So what happens if he gets hurt? Injuries are a real possibility when you’re diving around and giving up your body as much as Mondesi does. He has topped 75 games played just once in his career thus far, so he is clearly not immune to the injury bug. Any lengthy absence, or even a stretch of time where he’s a little banged up so he’s not running rampant on the base paths, and the majority of his value could disappear just like that.


8. Aaron Nola Wins the NL Cy Young Award with a Sub-2.00 ERA


In my opinion, this is the prediction with the greatest chance of actually coming true this year. At least the part about him winning the Cy Young. In 2018, Aaron Nola had a huge breakout season, posting a phenomenal 2.37 ERA with a 0.97 WHIP. He struggled by his standards in 2019, before bouncing back with a 3.28 ERA and 1.08 WHIP in 2020. Last year, Nola’s strikeout rate rose to an impressive 33.2%, thanks in large part due to a curveball that had a 41.8% whiff rate. When Nola is hot, he’s as good as it gets, allowing just zero or one earned run in 39 of his 79 starts over the last three seasons. He now enters his age-27 season, and I believe he has the stuff to be the most dominant pitcher in baseball.


9. Tommy Pham Finishes as a Top-15 Outfielder


Let’s ignore 2020 when looking at Tommy Pham because it was an injury-riddled two months in which he played just 31 games. From 2017 to 2019, Pham had 23, 21, and 21 homers, along with 25, 15, and 25 steals. He did this while batting .306, .275, and .273. This makes Pham a consistent 20/20 guy with a possibility of 25/25, all while hitting for a nice average as well. Projected to hit in the middle of a very good Padres lineup, the runs and RBI should be there too, as I expect a fully healthy Pham to bounce back in a big way this season.


10. Brad Hand Leads the League in Saves


This one doesn’t seem nearly as crazy to me as some of my other predictions, but the entire baseball world seems to be down on Brad Hand. In the last five seasons, Hand’s worst ERA was 3.30, and this was the only time it was above 3.00. His strikeout rate was in the top 8% of the league in each of those five seasons, reaching a mark of at least 33.4% in each of the last four years. Yes, Hand has lost some velocity on his fastball, but he has clearly figured out how to still be effective despite this, as his ERA, strikeout rates, and hard-hit rates have remained relatively unchanged.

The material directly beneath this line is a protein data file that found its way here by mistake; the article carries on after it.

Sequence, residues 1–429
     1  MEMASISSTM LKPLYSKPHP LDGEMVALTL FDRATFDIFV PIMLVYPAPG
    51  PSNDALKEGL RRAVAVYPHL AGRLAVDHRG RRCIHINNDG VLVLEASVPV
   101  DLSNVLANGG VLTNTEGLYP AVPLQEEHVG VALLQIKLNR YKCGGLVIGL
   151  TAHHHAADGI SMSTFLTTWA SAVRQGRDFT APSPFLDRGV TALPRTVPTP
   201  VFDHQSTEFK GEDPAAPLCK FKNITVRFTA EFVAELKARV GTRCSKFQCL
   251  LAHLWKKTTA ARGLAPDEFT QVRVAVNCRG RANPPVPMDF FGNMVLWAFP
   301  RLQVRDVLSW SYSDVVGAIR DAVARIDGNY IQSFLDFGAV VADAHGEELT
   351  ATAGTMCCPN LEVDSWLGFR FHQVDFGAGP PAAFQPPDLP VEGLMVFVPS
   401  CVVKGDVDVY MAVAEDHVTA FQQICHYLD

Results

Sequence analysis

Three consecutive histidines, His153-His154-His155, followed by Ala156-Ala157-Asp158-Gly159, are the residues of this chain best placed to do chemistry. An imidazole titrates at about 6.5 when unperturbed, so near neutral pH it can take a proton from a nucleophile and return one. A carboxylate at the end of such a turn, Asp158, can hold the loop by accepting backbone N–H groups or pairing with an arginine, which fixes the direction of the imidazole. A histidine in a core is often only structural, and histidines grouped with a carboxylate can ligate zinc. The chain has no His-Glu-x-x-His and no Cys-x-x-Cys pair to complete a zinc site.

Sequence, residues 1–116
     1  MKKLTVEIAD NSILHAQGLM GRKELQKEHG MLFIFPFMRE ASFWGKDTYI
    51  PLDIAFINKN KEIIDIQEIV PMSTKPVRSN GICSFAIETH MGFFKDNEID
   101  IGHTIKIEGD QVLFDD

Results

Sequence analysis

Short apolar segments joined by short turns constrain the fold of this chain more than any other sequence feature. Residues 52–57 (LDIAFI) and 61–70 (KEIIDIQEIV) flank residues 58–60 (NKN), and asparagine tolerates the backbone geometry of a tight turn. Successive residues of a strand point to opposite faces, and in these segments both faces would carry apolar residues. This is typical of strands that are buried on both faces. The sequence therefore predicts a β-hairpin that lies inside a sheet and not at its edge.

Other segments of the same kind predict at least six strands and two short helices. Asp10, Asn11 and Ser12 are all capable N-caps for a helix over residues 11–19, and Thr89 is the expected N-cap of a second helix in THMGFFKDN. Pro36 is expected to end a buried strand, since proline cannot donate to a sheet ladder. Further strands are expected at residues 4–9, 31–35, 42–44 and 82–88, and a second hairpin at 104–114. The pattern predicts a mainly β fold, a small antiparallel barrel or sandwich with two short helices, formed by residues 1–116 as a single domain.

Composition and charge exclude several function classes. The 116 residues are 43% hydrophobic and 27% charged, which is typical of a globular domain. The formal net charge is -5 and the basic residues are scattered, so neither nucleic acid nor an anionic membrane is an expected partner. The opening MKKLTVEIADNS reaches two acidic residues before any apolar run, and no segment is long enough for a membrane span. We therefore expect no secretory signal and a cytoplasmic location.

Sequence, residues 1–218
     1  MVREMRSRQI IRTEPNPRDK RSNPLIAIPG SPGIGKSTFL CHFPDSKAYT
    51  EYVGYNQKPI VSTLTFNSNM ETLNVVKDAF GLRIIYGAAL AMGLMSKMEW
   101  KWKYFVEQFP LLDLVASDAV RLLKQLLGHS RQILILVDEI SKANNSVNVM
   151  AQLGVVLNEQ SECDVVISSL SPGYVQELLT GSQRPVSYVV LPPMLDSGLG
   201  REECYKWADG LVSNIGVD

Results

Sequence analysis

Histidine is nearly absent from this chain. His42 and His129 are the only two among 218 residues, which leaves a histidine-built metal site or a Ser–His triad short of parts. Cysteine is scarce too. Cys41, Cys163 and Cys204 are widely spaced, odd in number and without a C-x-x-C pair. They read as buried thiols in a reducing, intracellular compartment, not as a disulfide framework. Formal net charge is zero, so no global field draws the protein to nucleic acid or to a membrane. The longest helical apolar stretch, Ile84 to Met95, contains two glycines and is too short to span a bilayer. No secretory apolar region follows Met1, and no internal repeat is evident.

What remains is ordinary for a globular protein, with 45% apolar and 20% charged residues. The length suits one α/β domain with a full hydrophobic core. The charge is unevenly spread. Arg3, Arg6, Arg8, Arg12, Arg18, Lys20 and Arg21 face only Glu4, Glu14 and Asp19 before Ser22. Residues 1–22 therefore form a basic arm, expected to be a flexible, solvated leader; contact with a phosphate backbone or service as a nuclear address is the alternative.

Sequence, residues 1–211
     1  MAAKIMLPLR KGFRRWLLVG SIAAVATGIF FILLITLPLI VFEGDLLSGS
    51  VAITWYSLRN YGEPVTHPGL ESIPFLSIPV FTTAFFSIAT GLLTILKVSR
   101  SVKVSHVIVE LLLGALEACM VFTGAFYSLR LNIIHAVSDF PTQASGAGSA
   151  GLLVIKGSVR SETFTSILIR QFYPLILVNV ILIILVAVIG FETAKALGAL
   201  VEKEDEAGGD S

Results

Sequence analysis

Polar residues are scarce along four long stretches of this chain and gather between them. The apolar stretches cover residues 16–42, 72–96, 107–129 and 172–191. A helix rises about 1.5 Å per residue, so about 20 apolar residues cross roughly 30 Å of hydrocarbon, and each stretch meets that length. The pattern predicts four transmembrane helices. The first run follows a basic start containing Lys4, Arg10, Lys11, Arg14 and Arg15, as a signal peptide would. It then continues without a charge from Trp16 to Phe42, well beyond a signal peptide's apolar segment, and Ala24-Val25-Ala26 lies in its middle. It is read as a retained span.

There aren’t too many teams who seem committed to one closer this year, but the Nationals (at least for the time being) seem committed to Hand in the ninth inning. Washington should win enough games to be among the league leaders in save opportunities, and Hand has only five blown saves in 55 tries over the past two seasons. Predicting saves is seemingly one of the most difficult things to do in baseball, but I think betting on Brad Hand is as good of a bet as any in this case.

Photos by Cody Glenn, Quinn Harris/Icon Sportswire, Ian D’Andrea | Design by Quincey Dong (@threerundong on Twitter)

Kyle Frank

Kyle studied finance and sport management at UMass Amherst, and he is a die hard Red Sox fan, despite both of his parents rooting for the Yankees. He can also be found writing about the NBA on Fantrax.

2 responses to “Kyle Frank’s 10 Bold Predictions for 2021”

  1. Jake says:

    Doesn’t Johnny Bench hold the single-season HR record for catchers? He hit 45 in 1970

    • Kyle Frank says:

      Yes, you’re right! The site I had looked at specified home runs while playing catcher, and it looks like Bench was only playing catcher for 38 of his homers that season. A bit tougher for Sanchez, but I still think it’s possible!